Long live the king!
It’s hard to believe it’s been over 8 years since the first Ni No Kuni, a role playing game that combined the talents of the video game masterminds Level 5 with the legendary animation house Studio Ghibli. But now we’ve finally been graced with the long awaited sequel, and while Ghibli may have chosen to skip out on this second outing, Ni No Kuni 2 stands as one of the finest RPGs to be made in recent history.
Ni No Kuni 2 tells the story of two young men; Roland and Evan. Roland was once the President of an unnamed nation here on earth, but was whisked away to the fantasy world of Ni No Kuni after his city was destroyed. And Evan is the young prince of the kingdom of Ding Dong Dell.
After Evan’s father is murdered and overthrown, Evan escapes with the help of Roland and the two set off to begin building a new kingdom to try and unite the world under one banner.
The game has a suitably bizarre story fitting to its fantastical artstyle, packing in as many traditional anime and RPG tropes it can into the first few hours. It wants you to quickly know that it’s a love letter to RPGs of old, and lays the groundwork for an adventure littered with homages to the genre.
And once the adventure gets going, it’s a delightful story of a king finding their way and discovering the hardships of becoming a ruler, filled with unforgettable characters each with their own charming quirks that will keep you smiling for hours on end.
But being a sequel to an already brilliantly made game, Ni No Kuni 2 has some big boots to fill in both the gameplay and presentation. Thankfully, not only does the sequel match the level of quality of the first game, it often surpasses it.
The first big warning that should be slapped all over this thing is that Ghibli has little involvement with Ni No Kuni 2. That means no beautifully hand drawn cinematics to grace your eyes. Instead we’re presented the story with in-game cinematics, with a few still frame hand drawn pictures to highlight certain moments in the game.
But while it’s a shame the gorgeous animated cutscenes are gone, they won’t be completely missed, as Ni No Kuni 2 improves greatly on the first with its cinematography and masterclass voice acting. So while some things are gone, they’re made up for with some elements receiving vast improvements over the original.
The biggest overhaul to Ni No Kuni 2 might be the battle system. Gone is the Pokemon inspired active time combat, and in its place stands a system more similar to the Kingdom Hearts & Tales Of franchises. Now you take control of your party members directly and have them take an active role in combat, hacking and slashing at enemies with a variety of close combat and magical skills.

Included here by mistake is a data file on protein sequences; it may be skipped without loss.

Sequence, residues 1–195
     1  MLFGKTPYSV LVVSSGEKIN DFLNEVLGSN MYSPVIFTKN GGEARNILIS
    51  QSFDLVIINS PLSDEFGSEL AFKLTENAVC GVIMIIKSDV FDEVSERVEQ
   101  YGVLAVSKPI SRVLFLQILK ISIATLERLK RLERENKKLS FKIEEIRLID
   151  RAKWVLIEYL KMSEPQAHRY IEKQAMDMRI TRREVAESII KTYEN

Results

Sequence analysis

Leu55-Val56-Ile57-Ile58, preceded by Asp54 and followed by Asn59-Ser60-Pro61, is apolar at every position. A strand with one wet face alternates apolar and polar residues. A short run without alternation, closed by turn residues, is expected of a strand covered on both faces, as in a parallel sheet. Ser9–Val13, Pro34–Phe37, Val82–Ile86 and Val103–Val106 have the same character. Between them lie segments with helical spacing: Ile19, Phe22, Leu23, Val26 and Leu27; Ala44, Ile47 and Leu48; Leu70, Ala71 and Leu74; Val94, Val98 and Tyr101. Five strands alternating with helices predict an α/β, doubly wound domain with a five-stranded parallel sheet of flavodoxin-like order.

A new inclusion to the series are the higgledies, small adorable creatures that aid Evan and his friends in battle. You can find and customise your small army of higgledies to help you as you fight.
Some offer to attack the enemy, others create healing circles for you, and others cause special effects that can boost your party’s abilities toward enemy forces. Their addition makes you feel like a commanding tour de force in battle, and adds to the enjoyment that makes each clash a joy to engage in.
And they aren’t the only new features in the game. Since Evan is a king, he holds the responsibility of building his own kingdom. This is where the game plays home to an intensive city building simulator, where you must recruit people from around the world to join your kingdom and help it flourish.
It’s wonderful to watch the small village you begin with slowly transform into a land fit for a king.
Plus there’s also the games army management, where Evan goes into battle with a small army to fight against enemy forces. Sadly, while the presentation is adorable, using the overworld’s cute chibi models, the mode involves little more than walking toward enemies and letting your army defeat them. Occasionally you get to throw a bomb or build a tower, but otherwise this mode feels like a greatly wasted opportunity.
However the game isn’t without its shortcomings. The story, while engaging at first, likes to take a long time to get to where it’s going. Often you’ll be traveling back and forth between a few locations to do fetch quests to slowly progress the story, and will sometimes halt you until you level up your kingdom more.
While these are by no means dealbreakers, don’t go into Ni No Kuni 2 thinking you can blast through it in a weekend, as this one is definitely a time sink.
But what saves from this boredom, and helps makes the game come together in a perfect package is Ni No Kuni 2’s soundtrack. Composed by Joe Hisaishi, famous for composing many of Ghibli’s movies, and possibly one of the few connections to the animation company in the game, the games soundtrack carries a charm quite unlike anything else.
The royal orchestral music that permeates much of the game mixes perfectly with the rapid string pieces of combat.
There’s a reason the King’s Edition of the game came with a vinyl and music box. Ni No Kuni 2’s theme is one you’ll be whistling for years to come.
And if you want to see me unbox the Kings Edition, you can over on AllTime Gaming’s Twitter
Ni No Kuni 2 is a marvel of modern game design. While it still falls to some of the genres tropes and is lacking the charming animated segments of its predecessor, it makes up for it by being one of the most magical adventures to grace gaming. Be you young or old, new to the genre or a veteran, Ni No Kuni 2 is a story worth being shared around the world.